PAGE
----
Michale Boganim grew up in Israel, in a Moroccan family. Her father was in the Israeli Black Panther movement. She is a graduate of the National Film School in London. Her student film “Dim Memories” was selected for Directors’ Fortnight at Cannes 2002, and won the Gras Savoye Award. In 2005, Boganim’s “Odessa… Odessa!,” a documentary feature, screened at Sundance and won the CICAE Prize at the Berlin Film Festival. Her first fiction feature, Olga Kurylenko-starrer “Land of Oblivion,” premiered at both the Venice and Toronto Film Festivals in 2011.
“The Forgotten Ones” will premiere at the 2021 Venice International Film Festival on September 5. The fest is taking place September 1-11.
W&H: Describe the film for us in your own words.
MB: Israeli society is marked by a taboo — that of the systemic discrimination against Jews who emigrated to the Promised Land from Arab countries. This discrimination is a wound that has not healed to this day.
In the 1970s, a movement inspired by the American Black Panthers emerged from the impoverished Musrara neighborhood of Jerusalem. Advocates from this movement demanded basic rights for the so-called Mizrahims, the adjective used to describe oriental Jews from North Africa and the Middle East.
As I mourned my father, a member of this movement, I had a desire to confront my personal questions with history and embarked on a journey with my daughter to explore the past and meet several generations of Mizrahims.
This film is a road movie across the dusty suburbs of Israel, an area that’s widely unknown and left in the shadow — it’s a forgotten one.
W&H: What drew you to this story?
MB: I’m a French-Israeli director, and I split my time between Paris and Israel. When my father passed away I felt an urge to share his fight against discrimination in Israel and that struggle’s connection to the the Black Panther movement in the ’70s.
W&H: What do you want people to think about after they watch the film?
MB: I would like people to learn about the forgotten people from the suburbs of Israel, and the harsh discrimination these Mizrahims faced when they arrived in Israel. Through a dialogue with folks from three generations of Mizrahims, the film also addresses today’s situation and divisions that still exist within Israeli society.
W&H: What was the biggest challenge in making the film?
MB: The biggest challenge was to show that this discrimination continues to be perpetuated in present times. Many Israelis have denied the past, and the discrimination that was done to Yemenites, Moroccan, and Iraqi Jews during the construction of the country, but they’re also denying the present and the fact that the discrimination is still continuing.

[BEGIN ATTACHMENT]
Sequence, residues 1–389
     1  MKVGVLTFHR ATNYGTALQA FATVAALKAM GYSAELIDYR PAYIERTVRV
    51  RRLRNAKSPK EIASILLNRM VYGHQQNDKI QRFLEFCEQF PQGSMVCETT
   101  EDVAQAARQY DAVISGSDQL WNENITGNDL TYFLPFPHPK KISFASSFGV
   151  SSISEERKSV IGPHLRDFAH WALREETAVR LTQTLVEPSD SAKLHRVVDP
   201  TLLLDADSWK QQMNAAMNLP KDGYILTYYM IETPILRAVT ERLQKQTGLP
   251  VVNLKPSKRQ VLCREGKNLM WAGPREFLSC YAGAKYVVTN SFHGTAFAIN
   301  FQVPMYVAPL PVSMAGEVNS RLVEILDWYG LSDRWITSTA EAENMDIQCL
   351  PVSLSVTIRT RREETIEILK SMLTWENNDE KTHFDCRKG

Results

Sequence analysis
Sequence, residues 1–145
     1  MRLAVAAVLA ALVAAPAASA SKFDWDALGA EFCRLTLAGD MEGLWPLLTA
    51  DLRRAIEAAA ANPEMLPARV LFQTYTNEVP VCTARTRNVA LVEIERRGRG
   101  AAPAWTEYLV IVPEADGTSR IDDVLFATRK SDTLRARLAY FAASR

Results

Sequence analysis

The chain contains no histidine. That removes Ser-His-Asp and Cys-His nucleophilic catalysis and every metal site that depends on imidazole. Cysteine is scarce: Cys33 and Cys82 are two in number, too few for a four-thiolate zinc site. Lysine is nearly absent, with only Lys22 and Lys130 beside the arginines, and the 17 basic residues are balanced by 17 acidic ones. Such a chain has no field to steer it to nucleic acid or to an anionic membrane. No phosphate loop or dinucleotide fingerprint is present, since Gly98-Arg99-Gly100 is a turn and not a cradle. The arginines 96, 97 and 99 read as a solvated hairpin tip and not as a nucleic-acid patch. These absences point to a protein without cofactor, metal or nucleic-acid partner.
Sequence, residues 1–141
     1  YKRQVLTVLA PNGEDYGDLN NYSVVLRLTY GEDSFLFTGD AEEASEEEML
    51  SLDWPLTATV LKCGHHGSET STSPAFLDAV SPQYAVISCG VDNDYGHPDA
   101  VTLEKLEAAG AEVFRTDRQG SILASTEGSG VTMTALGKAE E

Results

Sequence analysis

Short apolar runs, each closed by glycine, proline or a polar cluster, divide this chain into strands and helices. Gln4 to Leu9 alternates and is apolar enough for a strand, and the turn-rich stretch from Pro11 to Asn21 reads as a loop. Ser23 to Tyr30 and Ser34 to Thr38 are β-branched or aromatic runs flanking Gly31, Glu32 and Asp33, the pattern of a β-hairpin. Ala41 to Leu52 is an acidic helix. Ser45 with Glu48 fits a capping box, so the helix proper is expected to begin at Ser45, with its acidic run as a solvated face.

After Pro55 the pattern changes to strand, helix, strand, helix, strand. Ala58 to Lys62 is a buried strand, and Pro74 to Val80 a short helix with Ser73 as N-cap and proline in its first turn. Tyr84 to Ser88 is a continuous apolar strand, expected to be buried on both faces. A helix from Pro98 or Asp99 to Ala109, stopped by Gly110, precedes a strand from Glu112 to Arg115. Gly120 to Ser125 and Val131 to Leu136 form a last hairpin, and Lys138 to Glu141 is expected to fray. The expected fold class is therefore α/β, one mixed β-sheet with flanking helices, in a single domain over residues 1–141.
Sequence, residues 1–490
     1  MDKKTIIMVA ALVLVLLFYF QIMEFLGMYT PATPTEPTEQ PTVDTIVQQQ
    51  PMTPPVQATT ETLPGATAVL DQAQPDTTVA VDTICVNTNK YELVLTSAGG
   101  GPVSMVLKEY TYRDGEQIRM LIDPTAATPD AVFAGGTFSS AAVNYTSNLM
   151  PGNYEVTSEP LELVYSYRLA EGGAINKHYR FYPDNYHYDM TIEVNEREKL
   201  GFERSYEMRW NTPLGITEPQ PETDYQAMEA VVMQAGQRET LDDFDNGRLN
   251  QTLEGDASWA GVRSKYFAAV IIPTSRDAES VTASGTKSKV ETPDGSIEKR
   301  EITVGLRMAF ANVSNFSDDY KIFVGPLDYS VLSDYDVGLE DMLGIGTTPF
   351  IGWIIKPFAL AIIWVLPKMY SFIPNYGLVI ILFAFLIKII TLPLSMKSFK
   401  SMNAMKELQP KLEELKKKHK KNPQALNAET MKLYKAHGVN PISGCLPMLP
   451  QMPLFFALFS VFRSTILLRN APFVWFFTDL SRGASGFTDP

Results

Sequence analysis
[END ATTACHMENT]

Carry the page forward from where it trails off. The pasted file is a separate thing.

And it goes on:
W&H: How did you get your film funded? Share some insights into how you got the film made.
MB: The film was founded mostly with European grants, the CNC and Ile de France, and some post-production grants in Israel. We received support from the Rabinovich Foundation.
It was a long process of writing and developing ideas. We also pitched the film at CPH:DOX in Denmark.
W&H: What inspired you to become a filmmaker?
MB: I think I was drawn to filmmaking through my love for anthropology. Like Godard!
Jean Rouch had probably the biggest influence on me, but also New Wave auteurs like Agnès Varda, and even more so Chantal Ackerman, whose work has always inspired me.
W&H: What’s the best and worst advice you’ve received?
MB: The best advice was to keep going and continue making films and that I also should keep my identity in filmmaking and writing, without trying to be fashionable.
The worst was to try to be less ambitious!
W&H: What advice do you have for other women directors?
MB: To keep making film and taking advantage of the fact that attitudes and interests are changing and minds are becoming more and more open.
I feel that female directors are being treated with more consideration today.
W&H: Name your favorite woman-directed film and why.
MB: Chantal Ackerman is my favorite director, probably for her freedom in creating the films she wanted to make. She could do a documentary, then a narrative feature, then an art video project. She didn’t seem to have any roots and chose to film in many languages.
She lived in Belgium, New York, Israel. I actually met her once and she had this incredible deep look on people.
W&H: How are you adjusting to life during the COVID-19 pandemic? Are you keeping creative, and if so, how?
MB: I’ve never been more creative than during this pandemic! Lockdown was the perfect moment to forget about the world and to focus on my film.
W&H: The film industry has a long history of underrepresenting people of color onscreen and behind the scenes and reinforcing — and creating — negative stereotypes. What actions do you think need to be taken to make it more inclusive?
MB: Changing the image of women onscreen is the first thing; there’s still a lot of pressure on women today about the way they must look onscreen, for example. When I film an actress she tends to be more wary about her image than an actor who isn’t as concerned about appearing old or tired. Also, much bigger roles should be offered to woman, and actresses and actors should also work more with female directors or directors who are visible minorities. Producers, actors, and actresses should take more risks and promote women directors much more.